The use of trusts has grown in popularity in recent years. Testators use this estate planning tool to minimize tax obligations and gain better control over their assets’ distribution.
One type of these that is popular among testators is an incentive trust. Its owner can condition their payouts on the choices their child makes as they grow into adulthood.
What’s unique about the drafting of an incentive trust?
Essentially, an incentive trust sets up a reward system: If the beneficiary accomplishes a certain goal, they’re rewarded with the assets. Many trust owners like the idea of drafting its distribution instructions to encourage someone, such as a child, to make positive choices.
You could, for example, tie the distributions from a trust to your heir’s educational goals, require them to participate in certain charitable activities or require them to remain gainfully employed despite their wealth.
Could there be any drawbacks to this kind of trust?
A trust that’s too rigid could end up defeating its purpose. For example, maybe your entire goal is to make sure that your grandchild has the means to live an independent life — which is why you set an incentive trust up that required them to go to college. Your grandchild, however, has other talents and wants to use that money to start a business of their own. That might have been something you would have supported, but the trust could tie their hands.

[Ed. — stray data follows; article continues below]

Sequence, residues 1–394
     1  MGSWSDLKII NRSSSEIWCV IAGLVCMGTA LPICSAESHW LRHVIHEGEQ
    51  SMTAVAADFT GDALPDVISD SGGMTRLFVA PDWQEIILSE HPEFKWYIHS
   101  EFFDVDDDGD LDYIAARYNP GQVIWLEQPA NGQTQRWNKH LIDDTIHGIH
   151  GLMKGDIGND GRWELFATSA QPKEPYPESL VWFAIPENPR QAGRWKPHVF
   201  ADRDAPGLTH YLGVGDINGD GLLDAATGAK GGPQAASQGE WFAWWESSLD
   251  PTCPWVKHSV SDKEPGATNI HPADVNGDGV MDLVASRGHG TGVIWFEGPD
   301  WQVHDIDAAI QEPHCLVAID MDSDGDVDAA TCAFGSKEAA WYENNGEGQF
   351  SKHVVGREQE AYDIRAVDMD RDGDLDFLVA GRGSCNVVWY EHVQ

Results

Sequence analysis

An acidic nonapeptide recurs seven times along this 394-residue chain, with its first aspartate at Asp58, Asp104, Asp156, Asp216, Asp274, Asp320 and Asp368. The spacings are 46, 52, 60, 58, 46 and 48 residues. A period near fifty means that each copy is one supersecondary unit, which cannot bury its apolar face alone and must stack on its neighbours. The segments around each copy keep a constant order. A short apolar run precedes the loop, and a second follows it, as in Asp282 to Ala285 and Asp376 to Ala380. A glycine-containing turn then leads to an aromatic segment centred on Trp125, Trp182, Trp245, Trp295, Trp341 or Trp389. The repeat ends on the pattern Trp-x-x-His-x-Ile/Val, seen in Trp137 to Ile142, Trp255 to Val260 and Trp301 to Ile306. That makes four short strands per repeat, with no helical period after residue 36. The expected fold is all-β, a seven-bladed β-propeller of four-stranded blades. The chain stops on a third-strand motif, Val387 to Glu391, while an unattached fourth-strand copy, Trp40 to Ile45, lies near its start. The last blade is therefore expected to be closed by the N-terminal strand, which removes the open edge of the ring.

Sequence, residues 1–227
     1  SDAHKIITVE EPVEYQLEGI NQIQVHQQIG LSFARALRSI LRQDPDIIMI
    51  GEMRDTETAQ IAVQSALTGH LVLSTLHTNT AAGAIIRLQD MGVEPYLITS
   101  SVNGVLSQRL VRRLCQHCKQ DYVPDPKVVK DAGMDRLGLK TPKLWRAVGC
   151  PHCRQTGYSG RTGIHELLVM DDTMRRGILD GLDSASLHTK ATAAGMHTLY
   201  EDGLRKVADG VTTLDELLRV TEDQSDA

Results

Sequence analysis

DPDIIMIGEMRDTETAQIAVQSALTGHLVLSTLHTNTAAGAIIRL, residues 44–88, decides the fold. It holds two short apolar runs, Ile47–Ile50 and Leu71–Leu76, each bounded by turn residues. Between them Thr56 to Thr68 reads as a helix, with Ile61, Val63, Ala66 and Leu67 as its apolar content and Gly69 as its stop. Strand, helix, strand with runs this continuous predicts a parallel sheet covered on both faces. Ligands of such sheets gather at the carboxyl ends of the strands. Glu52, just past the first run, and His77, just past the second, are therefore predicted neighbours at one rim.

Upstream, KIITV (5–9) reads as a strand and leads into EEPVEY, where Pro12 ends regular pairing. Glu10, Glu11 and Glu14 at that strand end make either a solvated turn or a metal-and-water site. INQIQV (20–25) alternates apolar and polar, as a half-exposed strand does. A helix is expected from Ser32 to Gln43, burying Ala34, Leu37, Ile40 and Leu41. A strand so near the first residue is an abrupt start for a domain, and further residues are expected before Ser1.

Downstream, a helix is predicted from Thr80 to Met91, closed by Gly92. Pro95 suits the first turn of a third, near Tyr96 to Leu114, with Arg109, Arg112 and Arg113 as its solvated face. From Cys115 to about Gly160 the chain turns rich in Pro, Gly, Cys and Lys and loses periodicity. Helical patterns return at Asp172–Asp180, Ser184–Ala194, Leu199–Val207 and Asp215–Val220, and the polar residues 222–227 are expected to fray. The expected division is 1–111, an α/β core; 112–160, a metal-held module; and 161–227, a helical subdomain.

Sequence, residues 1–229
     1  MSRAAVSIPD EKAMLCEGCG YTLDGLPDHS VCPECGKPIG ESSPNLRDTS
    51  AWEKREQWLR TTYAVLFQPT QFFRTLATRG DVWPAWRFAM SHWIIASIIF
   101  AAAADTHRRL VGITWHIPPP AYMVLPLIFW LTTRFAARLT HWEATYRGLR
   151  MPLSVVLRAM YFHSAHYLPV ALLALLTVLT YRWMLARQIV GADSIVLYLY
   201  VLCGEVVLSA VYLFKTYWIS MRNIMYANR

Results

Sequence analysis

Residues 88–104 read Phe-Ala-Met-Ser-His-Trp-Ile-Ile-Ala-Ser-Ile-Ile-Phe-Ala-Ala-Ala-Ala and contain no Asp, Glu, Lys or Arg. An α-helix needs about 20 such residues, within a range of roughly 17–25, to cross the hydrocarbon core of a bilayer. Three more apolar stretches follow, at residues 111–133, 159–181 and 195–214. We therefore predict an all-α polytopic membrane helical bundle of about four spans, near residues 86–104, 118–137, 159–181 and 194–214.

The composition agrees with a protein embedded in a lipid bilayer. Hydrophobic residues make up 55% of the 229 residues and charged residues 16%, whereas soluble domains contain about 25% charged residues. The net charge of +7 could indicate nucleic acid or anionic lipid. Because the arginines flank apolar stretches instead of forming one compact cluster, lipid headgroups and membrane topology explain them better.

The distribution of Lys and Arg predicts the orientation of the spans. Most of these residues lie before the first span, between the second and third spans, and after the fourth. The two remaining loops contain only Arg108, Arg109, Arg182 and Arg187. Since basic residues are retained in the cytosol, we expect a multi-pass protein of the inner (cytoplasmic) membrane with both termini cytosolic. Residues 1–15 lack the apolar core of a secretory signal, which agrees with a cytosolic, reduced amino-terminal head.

Deciding between the many different trusts that exist isn’t easy. There are pros and cons of having an irrevocable or revocable one in place and choosing one type versus another. An estate planning attorney can help you draft your California will. A Burlingame lawyer can also set up a trust that reflects your wishes and desires even after you’re gone.